Utilizing found vessels, Vance says she wants to “relate to a time when travel was slower and the distances between us and our homelands and foreign landscapes were more difficult to access.” Each portable environment is designed and retrofit for specific steamer trunks and train cases.
The cases act to abstract the idea of travel and romanticize its idyllic qualities. I am always on the look out for cases that have some indication of travel, with notes and markers which give a feeling that they have really been used for used for transportation of someone’s special or personal items.
To keep up with Vance’s environmentally focused projects, follow her on Instagram.
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By gathering and piecing together small twigs, London-born Chris Kenny crafts collections of dancing figures, abstract portraits, and even a small baby. As Kottke explains, the artist’s sparse creations rely heavily on the human desire to see objects or patterns in inanimate objects, a term called pareidolia. Kenny shares many of his constructions on twigsaints, an Instagram account he dedicates to likening singular twig figures to saints, like St. Vincent and St. Agnes. Keep up with all of the artist’s wood assemblages on his main Instagram and purchase one of his minimal pieces for your collection on his site.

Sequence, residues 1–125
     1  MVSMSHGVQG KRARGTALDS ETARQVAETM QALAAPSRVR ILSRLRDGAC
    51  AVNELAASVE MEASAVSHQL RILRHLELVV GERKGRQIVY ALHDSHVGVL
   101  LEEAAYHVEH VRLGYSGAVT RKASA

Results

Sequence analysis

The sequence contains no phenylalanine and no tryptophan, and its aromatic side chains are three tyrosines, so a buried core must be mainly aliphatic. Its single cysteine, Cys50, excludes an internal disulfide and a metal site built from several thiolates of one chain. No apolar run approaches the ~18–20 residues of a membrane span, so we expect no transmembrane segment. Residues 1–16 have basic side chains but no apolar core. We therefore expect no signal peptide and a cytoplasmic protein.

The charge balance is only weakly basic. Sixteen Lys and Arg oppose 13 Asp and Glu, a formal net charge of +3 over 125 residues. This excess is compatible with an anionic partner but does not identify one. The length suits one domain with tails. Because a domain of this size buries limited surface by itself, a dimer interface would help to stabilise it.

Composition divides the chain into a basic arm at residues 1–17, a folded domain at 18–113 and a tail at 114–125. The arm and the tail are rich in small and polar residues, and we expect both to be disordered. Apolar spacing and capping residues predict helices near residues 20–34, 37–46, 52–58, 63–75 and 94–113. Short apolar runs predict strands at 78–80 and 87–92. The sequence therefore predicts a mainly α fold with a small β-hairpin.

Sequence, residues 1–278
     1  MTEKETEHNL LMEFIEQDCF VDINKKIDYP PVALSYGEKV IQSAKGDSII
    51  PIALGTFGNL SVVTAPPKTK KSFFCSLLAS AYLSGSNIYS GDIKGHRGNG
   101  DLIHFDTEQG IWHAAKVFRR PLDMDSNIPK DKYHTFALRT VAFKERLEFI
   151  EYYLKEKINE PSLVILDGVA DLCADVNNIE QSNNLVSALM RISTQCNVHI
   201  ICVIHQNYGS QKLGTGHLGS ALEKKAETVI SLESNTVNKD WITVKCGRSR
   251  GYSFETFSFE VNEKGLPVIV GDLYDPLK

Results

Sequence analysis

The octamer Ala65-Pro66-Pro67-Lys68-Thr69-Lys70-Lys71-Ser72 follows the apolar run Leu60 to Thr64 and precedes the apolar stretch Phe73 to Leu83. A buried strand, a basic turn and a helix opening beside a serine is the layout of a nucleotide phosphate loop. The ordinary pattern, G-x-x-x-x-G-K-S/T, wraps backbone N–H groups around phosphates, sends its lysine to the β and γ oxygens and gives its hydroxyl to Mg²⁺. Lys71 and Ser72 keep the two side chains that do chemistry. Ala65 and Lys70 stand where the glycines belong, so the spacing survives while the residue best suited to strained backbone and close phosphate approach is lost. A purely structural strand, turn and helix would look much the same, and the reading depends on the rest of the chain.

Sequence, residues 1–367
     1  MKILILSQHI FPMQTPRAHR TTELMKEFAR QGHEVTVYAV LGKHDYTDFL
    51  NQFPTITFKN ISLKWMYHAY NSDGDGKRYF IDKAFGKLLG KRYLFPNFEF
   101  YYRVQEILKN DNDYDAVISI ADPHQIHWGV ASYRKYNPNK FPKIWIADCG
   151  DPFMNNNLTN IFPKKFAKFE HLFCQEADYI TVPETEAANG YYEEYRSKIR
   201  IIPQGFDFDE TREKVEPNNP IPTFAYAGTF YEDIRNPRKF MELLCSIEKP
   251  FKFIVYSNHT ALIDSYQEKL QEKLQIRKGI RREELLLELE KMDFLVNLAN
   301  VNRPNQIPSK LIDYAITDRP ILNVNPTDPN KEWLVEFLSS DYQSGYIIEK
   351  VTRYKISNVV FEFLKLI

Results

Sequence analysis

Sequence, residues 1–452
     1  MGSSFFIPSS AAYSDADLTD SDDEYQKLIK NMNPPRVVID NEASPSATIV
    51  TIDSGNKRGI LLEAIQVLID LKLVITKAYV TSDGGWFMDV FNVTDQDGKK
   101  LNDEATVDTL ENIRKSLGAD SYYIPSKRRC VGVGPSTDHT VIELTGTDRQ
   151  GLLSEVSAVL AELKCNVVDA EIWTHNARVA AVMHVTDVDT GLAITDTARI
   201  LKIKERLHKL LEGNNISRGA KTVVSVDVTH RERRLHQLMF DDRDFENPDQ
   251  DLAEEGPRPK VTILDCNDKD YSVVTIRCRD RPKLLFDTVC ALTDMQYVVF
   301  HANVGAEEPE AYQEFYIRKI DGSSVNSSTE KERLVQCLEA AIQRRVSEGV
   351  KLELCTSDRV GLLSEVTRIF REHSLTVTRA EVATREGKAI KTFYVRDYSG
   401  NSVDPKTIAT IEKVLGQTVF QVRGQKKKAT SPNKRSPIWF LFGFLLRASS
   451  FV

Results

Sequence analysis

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Winged elephants, multi-eared rabbits, and carrot-legged babies ready to be dipped in hummus: recent sculptures by Debra Broz (previously) continue to expand her collection of odd mashups formed from found ceramics. By carefully sourcing, separating, and re-fusing juxtaposed components of otherwise unremarkable ceramic knick-knacks, Broz forms entirely new creatures that are equal parts bizarre and humorous. The Los Angeles-based artist tells Colossal that she finds inspiration in absurdity:
I think a lot of us are frequently telling ourselves that the world is this very serious place, and that our lives as adults require careful consideration—and to a degree that’s true—but we also need to take time to realize that the world is also wildly full of nonsense, and that aspects of our lives are incredibly ridiculous. And I think it’s completely fair for us to recognize that, and laugh about it.
Broz also sees surprise as an important element in her work. Creating the opportunity for viewers’ expectations to be upended and their planned narrative disrupted makes her small sculptures uniquely memorable. She tells Colossal that acquiring a prank wooden outhouse built by her grandfather (not life-size) that explodes when a quarter is dropped in helped her articulate the importance of the unexpected in her practice. “For me, that object—the exploding outhouse—is weirdly inspirational in the way it takes something unassuming and makes it into something that surprises or bewilders people,” Broz explains. “It’s funny how that theme is so prevalent in my sculpture, but I had never thought about it in the context of my grandpa’s exploding outhouse until recently.”